Too many tabs in Chrome? Microsoft might have the answer

Microsoft Edge
(Image credit: Shutterstock / monticello)

Since Microsoft switched Edge to the Chromium engine, the browser has been gradually gaining more and more features. For the most part, this has meant playing catch-up with Google's web browser, but there have been occasions when Edge gains something unique.

And this is precisely what is happening with a new vertical tabs option that is currently undergoing testing as part of a preview program. The vertical alignment has been designed to make it easier to manage a large number of tabs.

The problem with the traditional horizontal arrangement of tabs is that once several are opened, they have to be shrunk down to enable them to fit within the browser window, making it very difficult to quickly identify tabs. Google has experimented with making the tab bar scrollable, but Microsoft has a different approach.

The company recognizes the problem of working with large numbers of tabs, and also notes that the adoption of widescreen monitors means that most people have spare horizontal space available in their browser. As such, Edge is gaining an option to display open tabs in a pane to the left hand side of the browser window.

Vertical tabs in Microsoft Edge

(Image credit: Microsoft)

Wide or tall?

Although the feature is currently only available as a preview, it is easily accessed for anyone running a compatible version of Edge – you just need to enable the 'Vertical tabs' option in the 'Appearance' section of the settings menu. A simple toggle button in the upper right of the Edge window then lets you switch between horizontal and vertical tabs.

Just as with horizontal tabs, when in vertical mode it is possible to rearrange tabs as required. You also have the option of shrinking the tabs pane down to a narrow strip that just displays sites' favicons if you need to see more of a site, or want to reduce on-screen clutter while you concentrate.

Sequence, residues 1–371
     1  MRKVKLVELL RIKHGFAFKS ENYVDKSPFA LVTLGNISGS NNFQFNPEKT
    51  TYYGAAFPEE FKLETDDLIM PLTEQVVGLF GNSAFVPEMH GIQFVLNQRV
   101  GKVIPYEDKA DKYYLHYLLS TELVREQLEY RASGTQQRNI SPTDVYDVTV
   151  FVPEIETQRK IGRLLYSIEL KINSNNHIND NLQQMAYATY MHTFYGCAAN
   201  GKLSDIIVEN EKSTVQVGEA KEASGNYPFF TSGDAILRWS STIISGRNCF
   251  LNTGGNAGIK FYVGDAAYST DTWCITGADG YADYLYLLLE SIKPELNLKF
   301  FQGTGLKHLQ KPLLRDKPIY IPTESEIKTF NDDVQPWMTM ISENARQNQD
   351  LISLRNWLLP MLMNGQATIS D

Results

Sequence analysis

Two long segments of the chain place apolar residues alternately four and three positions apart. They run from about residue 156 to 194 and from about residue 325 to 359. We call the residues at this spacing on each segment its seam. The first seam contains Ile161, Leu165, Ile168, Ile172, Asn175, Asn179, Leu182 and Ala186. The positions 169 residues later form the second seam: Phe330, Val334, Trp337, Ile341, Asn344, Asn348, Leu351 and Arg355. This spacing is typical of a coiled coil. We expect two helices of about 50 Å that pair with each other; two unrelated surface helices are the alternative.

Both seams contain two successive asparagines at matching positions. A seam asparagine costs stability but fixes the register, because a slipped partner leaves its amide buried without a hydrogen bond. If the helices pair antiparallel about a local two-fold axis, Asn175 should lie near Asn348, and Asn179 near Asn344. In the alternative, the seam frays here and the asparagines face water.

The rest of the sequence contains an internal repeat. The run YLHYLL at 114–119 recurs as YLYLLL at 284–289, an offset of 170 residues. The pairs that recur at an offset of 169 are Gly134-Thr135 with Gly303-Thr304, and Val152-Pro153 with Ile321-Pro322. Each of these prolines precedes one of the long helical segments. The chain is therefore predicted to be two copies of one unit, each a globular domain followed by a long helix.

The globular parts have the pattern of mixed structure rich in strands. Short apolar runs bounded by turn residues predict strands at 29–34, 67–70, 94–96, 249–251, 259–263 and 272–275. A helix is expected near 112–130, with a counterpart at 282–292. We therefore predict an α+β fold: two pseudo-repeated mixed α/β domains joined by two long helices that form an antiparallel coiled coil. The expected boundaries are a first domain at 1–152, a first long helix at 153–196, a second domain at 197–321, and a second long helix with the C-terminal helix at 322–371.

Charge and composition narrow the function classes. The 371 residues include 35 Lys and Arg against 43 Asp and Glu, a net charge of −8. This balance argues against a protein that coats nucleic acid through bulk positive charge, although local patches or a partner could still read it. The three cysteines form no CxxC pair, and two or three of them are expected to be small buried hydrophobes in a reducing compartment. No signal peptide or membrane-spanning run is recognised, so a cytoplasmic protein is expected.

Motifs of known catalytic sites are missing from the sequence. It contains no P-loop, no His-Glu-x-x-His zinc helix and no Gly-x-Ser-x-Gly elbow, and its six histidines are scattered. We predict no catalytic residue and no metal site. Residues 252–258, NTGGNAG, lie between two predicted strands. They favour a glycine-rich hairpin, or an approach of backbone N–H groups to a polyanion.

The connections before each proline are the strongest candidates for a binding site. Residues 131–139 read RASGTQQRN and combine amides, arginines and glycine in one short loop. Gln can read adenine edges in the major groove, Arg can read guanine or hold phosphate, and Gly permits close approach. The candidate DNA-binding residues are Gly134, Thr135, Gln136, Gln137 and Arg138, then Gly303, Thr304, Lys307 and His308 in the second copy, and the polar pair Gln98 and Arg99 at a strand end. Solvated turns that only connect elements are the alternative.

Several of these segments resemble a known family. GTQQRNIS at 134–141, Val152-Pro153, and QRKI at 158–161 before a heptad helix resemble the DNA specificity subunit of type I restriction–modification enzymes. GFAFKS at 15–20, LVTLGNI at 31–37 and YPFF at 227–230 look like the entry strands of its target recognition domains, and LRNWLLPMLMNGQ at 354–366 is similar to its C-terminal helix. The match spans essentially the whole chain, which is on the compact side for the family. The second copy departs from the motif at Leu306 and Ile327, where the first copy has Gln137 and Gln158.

For now the vertical tabs option is only available in the Canary and Dev versions of Edge; you can sign up for the Edge Insider channels here. Of the two, the Dev version – which receives updates on a weekly basis – is generally more stable that the Canary build which receives daily updates.

Via Bleeping Computer

Sofia Elizabella Wyciślik-Wilson
Freelance writer

Sofia is a tech journalist who's been writing about software, hardware and the web for nearly 25 years – but still looks as youthful as ever! After years writing for magazines, her life moved online and remains fueled by technology, music and nature.

Having written for websites and magazines since 2000, producing a wide range of reviews, guides, tutorials, brochures, newsletters and more, she continues to write for diverse audiences, from computing newbies to advanced users and business clients. Always willing to try something new, she loves sharing new discoveries with others.

Sofia lives and breathes Windows, Android, iOS, macOS and just about anything with a power button, but her particular areas of interest include security, tweaking and privacy. Her other loves include walking, music, her two Malamutes and, of course, her wife and daughter.

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